Athlete, Artist, Indian Chief

From dark horse to Nighthorse, it's been one hell of a ride for Ben Campbell.

Doyle learned that Campbell was switching parties the night before the press conference. "It was late, so at first I didn't know what to think," he recalls. "I wondered what was going to happen to me, but I decided not to make any decisions until I talked to Ben personally."

Campbell called him the next day and asked him to stay on, Doyle says. "I asked what it would mean if I stayed a Democrat and he said, 'Jim, I didn't ask for your party affiliation when I hired you and I don't care about it now, so long as if you stay, you feel you can support me and work for Colorado.'

"I decided right then that the man was more important than any party label."

A year and a half after he switched parties, Campbell makes no apologies for the move.

By and large, he says, most members of Congress, including the Democrats, have come to terms with his party change. "Except Pat Schroeder, and I don't understand that," Campbell says. "I've always sided with her on women's issues, and she knows I will continue to do so.

"But I can't say I truly dislike anyone," Campbell continues. "Now, there are some I will disagree with until the cows come home. But we get along. For instance, Ted Kennedy, I tease him that he'd give it all away, but really, he's a great guy."

Although he concedes they were a fine staff, Campbell feels less charitable to former aides who were "more concerned with being Democrats than doing their job.

"I was warned by the Republican leadership to let them all go as soon as I announced I was changing parties," he says. "But I offered to keep them all on, if they felt they could work for me and the people of Colorado regardless of the party...That was probably a mistake."

He let Lane go early, he says, because "he was throwing a hissy fit." And he got tired of other staffers' "self-pity," which was getting in the way of their work.

One of the important jobs of his office, Campbell says, is providing services for constituents, taking on the problems individual citizens have with federal agencies. The media rarely notices this sort of work, Campbell complains.

He also criticizes the amount of attention devoted to certain bills. "I think sometimes the bills you stop are more important than the ones you try to pass," Campbell explains. "For instance, I stopped a bill that would have sold the public lands in ski areas to private investors. I had to rally the Western senators to do it. Of course, you never get any publicity for that."

Campbell continues to split with his new party on some votes, such as raising the minimum wage. He says he's looking forward to working on a pet Democratic project, health-care reform, although he prefers offering incentives to doctors to establish practices in urban and rural areas rather than "socializing" medicine. And he also voted for a ban on assault rifles, which he now regrets because "it hasn't done a damn thing," he says. "But opponents really ticked me off before the vote by threatening to kill me and my staff.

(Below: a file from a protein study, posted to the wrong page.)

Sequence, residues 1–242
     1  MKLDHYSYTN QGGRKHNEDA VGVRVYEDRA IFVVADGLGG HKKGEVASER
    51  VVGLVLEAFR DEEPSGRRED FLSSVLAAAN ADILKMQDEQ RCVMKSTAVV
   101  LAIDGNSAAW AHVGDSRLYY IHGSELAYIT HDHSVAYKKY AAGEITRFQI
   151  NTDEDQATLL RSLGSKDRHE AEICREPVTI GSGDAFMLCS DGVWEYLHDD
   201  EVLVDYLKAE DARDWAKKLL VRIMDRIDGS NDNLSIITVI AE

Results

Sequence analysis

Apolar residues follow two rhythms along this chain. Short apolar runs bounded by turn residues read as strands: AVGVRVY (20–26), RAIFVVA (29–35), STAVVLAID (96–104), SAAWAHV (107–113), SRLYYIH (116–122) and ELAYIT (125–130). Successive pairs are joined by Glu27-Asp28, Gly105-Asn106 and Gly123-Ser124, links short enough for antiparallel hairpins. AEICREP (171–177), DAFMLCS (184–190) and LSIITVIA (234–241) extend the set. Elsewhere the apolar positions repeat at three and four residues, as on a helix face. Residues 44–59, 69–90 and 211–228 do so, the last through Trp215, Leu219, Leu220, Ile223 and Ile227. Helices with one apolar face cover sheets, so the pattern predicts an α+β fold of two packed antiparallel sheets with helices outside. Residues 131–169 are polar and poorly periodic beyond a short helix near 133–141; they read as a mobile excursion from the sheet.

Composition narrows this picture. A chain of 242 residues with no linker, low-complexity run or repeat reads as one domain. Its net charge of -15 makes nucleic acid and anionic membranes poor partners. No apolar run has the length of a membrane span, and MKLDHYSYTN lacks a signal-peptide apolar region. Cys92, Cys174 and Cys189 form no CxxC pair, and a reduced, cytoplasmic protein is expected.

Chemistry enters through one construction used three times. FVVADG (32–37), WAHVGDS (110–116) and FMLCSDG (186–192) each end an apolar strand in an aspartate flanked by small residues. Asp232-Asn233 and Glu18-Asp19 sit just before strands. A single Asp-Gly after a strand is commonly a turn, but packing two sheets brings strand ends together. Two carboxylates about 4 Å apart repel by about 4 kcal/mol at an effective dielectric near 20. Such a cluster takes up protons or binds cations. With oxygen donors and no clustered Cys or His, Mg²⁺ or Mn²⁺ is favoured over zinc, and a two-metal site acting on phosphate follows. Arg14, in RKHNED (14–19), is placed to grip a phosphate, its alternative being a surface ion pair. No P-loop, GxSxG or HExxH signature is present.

"When people say politics is a dirty business, they're right," Campbell says. "But there's also the opportunity of making some meaningful change to better people's lives. That's why I would stay with it and how I'd like to be remembered."

Business got dirty again this spring, when Campbell's environmental record came under attack. And it's on environmental matters where the senator's assorted cultures--Indian, rancher--often clash the most.

Animas La-Plata isn't the only battleground. In fact, with the exception of Pat Schroeder, all the members of Colorado's congressional contingent side with Campbell on that one. When Schroeder voted to remove $10 million in funding this July, Campbell saw it as retribution for his party switch.

The big fight this spring started with Campbell consenting to appear in Banana Republic ads, as part of the "freedom at work" campaign, wearing a jacket from the store (along with his own leather motorcycle chaps). Before he agreed to the modeling stint, Campbell got an okay from the Senate ethics committee, which said he would have to return the jacket. Campbell already planned to donate the $2,000 modeling fee to Dull Knife College in Lame Deer.

But then Jonathan Turley, a George Washington University law professor who's currently representing the Rocky Flats grand jurors, suggested that the expensive ad campaign featuring the senator was essentially a gift on its own. "It is hard to see how the direct offer of a tailored, fully funded campaign would not be treated as 'in kind' gift or contribution," Turley wrote the Senate ethics committee.

Beyond that, Turley said, the ad campaign could pose an ethical problem because Donald Fisher, chief executive officer of GAP, Inc., Banana Republic's parent company, had business pending in Congress.

Before a Senate subcommittee headed by Campbell, Fisher--who'd donated $60,000 to the Republican Party--testified in favor of creating a public-private trust to make a park of the Presidio, a former Army base in San Francisco. Fisher lives next door to the site. "And, of course, doesn't want a bunch of condominiums to spring up," Turley says.

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